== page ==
Again, you have your own story. You are walking your own unique journey And whether you or someone you know is an adult virgin, a former adult virgin, or has travelled in the territories of abstinence and celibacy, this might resonate.
When I took a stand about wanting to remain a virgin that was empowering. I felt good about myself, smart, and in control of my life. Similarly, young people in various religious and secular communities have taken virginity pledges of abstinence (not having sex until marriage), which is done publicly. The strength in making a promise to yourself or pledge with others is that it becomes a solid part of your identity, who you are for that part of the journey. This is also the case for those who choose celibacy, a lifestyle choice committing to no sex- more visible to us are the religious who take vows of chastity, but regular folk also make this decision. Joining with others who support the same values is a way to strengthen your resolve. I urge you to find those places and communities of support where you are welcomed intact-hymen and all!
When I had fulfilled my promise of virginity, remaining a virgin was no longer my wish. I believe many adult virgins are in this boat. I felt an urgency to experience the powerful experience of sex, but I didn’t know where to begin. The problem was now I had to be vulnerable. Before, I could hide behind the bravado of empowered Super-Virgin, but now I had to face my anxiety, intimacy issues, insecurity, and areas of low self-esteem and low body-pride. I think, Mami, knew that I wouldn’t just have sex with anybody when she “released the reigns” long ago, because she would always say in Spanish, “Listen, it is not an easy thing to lay naked with someone.” She was right! How was I ever going to show this body to any other body? So, if you are here in your journey, acknowledge where you are and know that is okay. As Dr. Wendy Walsh, says, “After decades of never seeing or touching an opposite gender body, the whole experience can be terrifying for adult virgins…” There is support out there for you!
Bridging The Gap
The answer is not to go have sex, no matter what camp you are in, “Proud Chooser of My Virginity” or “Can’t Wait Until I am a Non-Virgin. The answer is addressing what you really want and getting to the core of what is keeping you from it. If you are an adult virgin who is abstaining from sex until marriage and expressing wanting the dream of a family soon, but not practicing the social savvy skills of what it takes to attract a person of interest, sustain rapport, and build intimacy, then you can expect to not be that successful. Here I will employ some tough love. You will not get anything, if you do not give anything. You will not find a partner, if you do not show up. If you are now in your 30’s and continue to do what you have done and it has not resulted in a romance that can possibly lead to marriage, that would lead to a healthy sexy life, then it is time to do something entirely different. Do not go out and have sex. Go out and practice body closeness with dance partners. Make sure you attend social events as part of your homework and commitment to yourself. Give yourself an assignment for each event. “I will talk to one man tonight”, “I will tell one man a funny story”, “I will get close enough to a man that my shoulders will touch his”, or for the adult virgins who have experienced being sexual with romantic partners, you keep pushing your own boundaries.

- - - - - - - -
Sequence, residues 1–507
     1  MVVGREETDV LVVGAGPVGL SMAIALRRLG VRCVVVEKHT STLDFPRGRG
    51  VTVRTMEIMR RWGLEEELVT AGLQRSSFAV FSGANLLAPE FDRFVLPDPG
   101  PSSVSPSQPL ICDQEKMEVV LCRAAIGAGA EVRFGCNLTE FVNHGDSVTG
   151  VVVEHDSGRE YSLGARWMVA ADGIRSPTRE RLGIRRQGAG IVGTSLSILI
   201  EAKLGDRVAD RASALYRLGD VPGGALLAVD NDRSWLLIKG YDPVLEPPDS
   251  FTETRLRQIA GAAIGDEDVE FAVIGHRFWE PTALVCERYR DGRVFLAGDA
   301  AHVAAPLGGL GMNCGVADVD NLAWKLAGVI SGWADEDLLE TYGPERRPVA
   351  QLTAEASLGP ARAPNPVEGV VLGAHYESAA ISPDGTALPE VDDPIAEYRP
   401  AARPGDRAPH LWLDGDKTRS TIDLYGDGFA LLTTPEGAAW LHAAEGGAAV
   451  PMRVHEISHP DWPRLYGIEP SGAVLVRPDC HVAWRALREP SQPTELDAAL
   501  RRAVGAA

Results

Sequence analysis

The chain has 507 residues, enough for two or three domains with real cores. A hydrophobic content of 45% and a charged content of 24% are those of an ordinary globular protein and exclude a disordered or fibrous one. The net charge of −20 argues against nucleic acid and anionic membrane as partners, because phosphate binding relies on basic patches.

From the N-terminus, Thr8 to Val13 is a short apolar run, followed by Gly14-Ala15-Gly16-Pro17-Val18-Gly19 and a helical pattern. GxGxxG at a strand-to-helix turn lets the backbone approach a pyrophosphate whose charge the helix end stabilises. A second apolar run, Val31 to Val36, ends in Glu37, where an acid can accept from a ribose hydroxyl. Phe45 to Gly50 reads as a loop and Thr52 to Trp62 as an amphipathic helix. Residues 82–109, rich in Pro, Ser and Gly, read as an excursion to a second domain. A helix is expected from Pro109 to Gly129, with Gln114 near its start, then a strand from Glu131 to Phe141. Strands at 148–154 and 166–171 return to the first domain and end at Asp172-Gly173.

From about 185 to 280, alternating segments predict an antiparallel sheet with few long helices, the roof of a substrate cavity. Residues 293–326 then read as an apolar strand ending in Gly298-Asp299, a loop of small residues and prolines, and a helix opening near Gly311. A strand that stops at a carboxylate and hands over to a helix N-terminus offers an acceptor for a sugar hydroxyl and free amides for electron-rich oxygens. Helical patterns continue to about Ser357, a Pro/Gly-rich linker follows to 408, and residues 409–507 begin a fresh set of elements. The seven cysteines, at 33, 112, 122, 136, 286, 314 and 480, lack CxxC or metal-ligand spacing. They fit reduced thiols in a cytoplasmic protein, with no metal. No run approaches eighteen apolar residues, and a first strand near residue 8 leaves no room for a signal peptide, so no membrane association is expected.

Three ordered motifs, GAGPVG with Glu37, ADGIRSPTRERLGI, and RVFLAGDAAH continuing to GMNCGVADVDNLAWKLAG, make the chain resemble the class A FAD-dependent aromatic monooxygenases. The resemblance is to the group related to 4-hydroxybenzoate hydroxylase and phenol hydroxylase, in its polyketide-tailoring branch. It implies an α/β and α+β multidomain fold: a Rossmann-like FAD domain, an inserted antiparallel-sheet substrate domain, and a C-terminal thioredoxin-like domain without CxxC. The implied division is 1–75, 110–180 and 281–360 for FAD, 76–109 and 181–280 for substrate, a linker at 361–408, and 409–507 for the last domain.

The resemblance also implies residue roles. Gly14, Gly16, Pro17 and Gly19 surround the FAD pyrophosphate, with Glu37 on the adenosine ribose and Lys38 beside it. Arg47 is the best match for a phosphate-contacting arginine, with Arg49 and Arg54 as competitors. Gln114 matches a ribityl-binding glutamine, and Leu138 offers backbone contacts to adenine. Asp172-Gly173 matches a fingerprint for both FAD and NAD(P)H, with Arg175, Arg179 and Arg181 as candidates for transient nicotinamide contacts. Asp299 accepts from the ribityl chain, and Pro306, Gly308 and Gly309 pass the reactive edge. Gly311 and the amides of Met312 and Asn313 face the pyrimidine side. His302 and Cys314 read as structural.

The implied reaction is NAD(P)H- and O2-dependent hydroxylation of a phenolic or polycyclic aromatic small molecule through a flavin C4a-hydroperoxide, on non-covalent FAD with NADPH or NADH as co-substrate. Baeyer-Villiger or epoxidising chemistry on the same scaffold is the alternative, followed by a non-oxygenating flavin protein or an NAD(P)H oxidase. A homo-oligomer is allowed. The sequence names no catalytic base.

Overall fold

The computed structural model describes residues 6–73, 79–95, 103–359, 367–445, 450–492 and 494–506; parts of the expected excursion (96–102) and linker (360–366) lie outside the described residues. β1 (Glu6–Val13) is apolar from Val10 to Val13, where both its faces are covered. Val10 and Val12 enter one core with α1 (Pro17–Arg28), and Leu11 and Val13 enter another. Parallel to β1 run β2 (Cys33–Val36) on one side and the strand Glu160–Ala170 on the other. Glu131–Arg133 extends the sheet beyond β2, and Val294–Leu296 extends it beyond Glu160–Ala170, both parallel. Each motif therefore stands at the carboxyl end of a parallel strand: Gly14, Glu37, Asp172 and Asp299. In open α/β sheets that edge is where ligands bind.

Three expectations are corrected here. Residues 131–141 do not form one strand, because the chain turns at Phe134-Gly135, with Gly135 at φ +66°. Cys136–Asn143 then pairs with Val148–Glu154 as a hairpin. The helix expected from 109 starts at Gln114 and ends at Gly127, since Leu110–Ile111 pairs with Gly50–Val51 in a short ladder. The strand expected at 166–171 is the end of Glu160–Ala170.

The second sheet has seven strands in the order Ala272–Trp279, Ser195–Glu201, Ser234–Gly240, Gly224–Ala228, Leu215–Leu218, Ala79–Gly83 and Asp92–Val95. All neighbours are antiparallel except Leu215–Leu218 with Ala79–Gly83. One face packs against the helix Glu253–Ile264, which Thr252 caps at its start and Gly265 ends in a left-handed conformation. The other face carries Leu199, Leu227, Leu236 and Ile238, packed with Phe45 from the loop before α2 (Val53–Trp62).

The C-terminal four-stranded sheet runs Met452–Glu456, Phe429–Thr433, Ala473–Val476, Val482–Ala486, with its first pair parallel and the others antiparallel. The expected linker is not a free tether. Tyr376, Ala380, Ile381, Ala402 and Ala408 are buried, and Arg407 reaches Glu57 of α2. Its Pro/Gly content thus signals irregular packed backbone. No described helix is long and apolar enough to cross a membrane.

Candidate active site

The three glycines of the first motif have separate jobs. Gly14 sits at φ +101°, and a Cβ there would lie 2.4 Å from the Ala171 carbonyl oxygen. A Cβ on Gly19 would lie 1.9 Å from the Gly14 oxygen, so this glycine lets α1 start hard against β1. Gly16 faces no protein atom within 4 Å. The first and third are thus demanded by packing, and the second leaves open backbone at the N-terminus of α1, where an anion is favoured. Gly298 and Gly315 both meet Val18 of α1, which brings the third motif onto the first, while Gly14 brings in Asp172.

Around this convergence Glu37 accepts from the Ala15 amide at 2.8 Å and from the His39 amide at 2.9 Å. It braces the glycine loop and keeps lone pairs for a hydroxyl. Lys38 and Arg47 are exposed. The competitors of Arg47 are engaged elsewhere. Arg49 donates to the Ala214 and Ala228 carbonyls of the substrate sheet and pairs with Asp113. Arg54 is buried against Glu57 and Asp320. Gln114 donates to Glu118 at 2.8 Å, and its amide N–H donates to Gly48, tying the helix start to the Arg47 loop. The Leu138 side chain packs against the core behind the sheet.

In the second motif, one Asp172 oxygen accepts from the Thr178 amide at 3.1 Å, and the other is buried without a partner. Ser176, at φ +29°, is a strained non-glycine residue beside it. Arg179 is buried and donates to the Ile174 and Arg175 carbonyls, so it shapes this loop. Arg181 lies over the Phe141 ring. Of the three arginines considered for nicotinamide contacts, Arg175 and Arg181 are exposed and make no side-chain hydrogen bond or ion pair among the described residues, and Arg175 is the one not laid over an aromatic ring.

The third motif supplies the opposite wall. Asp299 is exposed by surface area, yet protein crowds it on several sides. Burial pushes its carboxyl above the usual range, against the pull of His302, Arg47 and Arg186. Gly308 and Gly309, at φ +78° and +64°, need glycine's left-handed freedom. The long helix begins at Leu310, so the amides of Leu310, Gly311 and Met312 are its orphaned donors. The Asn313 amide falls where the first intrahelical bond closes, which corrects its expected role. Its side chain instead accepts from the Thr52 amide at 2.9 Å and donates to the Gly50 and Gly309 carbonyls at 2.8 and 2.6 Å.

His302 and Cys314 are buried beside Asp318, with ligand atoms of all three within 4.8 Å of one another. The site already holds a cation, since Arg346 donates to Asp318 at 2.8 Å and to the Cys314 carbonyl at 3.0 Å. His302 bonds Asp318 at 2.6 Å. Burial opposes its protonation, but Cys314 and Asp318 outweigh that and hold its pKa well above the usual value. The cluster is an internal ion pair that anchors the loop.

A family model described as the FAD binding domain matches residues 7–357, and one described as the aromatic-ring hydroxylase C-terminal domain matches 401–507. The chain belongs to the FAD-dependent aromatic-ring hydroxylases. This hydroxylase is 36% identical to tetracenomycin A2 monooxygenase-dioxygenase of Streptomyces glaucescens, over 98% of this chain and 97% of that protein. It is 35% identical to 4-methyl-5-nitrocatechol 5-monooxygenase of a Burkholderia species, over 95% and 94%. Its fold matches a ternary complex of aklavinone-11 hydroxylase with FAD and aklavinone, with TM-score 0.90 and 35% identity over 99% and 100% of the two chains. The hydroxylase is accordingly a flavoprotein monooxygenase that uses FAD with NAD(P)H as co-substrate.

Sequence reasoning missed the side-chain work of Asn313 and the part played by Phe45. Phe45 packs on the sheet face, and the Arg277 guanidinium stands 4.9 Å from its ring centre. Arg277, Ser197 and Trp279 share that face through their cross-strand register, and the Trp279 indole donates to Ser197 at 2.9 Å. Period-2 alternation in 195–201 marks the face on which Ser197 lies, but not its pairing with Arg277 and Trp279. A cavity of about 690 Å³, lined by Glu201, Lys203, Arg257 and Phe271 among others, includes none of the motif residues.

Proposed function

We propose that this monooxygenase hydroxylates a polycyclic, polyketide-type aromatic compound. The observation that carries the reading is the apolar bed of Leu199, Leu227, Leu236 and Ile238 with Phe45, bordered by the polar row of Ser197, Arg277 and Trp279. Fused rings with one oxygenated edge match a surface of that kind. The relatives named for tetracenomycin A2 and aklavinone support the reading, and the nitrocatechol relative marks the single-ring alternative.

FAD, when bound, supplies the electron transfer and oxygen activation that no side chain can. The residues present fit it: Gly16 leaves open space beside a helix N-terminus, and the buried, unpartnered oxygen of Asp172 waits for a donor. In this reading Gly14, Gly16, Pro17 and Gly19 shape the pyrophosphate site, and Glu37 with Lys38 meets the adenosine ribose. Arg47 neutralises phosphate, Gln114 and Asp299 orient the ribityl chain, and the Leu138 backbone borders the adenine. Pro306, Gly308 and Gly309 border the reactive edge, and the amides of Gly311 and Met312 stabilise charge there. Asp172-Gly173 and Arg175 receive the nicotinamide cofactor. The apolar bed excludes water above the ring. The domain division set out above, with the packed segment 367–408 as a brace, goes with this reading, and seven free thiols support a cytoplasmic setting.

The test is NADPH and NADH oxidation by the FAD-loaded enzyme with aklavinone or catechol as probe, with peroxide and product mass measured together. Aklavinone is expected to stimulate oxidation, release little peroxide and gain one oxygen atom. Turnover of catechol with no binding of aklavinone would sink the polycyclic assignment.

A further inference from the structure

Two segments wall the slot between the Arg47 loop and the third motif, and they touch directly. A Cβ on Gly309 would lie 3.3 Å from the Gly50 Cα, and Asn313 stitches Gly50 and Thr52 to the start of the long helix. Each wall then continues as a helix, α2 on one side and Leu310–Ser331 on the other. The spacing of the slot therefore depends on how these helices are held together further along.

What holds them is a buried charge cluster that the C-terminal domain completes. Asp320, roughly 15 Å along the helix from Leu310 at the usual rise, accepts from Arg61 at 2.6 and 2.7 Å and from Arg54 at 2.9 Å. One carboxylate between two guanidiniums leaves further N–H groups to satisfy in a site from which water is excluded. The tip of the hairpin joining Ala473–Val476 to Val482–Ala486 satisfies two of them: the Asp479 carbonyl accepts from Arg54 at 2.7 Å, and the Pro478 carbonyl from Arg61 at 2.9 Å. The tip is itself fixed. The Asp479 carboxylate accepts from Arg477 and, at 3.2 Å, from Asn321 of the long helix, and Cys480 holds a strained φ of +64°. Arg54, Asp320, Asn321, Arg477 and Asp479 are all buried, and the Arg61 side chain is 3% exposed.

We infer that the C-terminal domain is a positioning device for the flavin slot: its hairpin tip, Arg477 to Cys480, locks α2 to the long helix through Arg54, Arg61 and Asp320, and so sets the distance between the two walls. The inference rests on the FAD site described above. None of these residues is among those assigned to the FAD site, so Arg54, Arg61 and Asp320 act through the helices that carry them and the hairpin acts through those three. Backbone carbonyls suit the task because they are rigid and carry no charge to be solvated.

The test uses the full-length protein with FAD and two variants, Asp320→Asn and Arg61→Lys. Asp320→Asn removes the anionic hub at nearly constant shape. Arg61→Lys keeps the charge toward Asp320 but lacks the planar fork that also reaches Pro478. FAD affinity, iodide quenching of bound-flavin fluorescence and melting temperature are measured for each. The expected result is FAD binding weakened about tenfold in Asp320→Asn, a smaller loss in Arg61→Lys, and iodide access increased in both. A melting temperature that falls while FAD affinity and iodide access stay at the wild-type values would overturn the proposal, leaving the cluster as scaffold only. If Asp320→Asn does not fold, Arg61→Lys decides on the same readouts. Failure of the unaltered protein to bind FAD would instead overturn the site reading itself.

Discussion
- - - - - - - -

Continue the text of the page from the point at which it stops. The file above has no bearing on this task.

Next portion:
Having safe boundaries is important but when addressing healthy relating and interacting, you need to recognize if your boundaries are holding you back from what you really want in life or if they support it. You can make empowered healthy lifestyle choices that honor your virginity and or help you transition from virginity to nonvirginity. I encourage to make empowered choices versus fear-based choices. In this case, for all adult virgins, learning to build intimacy and practicing healthy positive affection is key, not sex.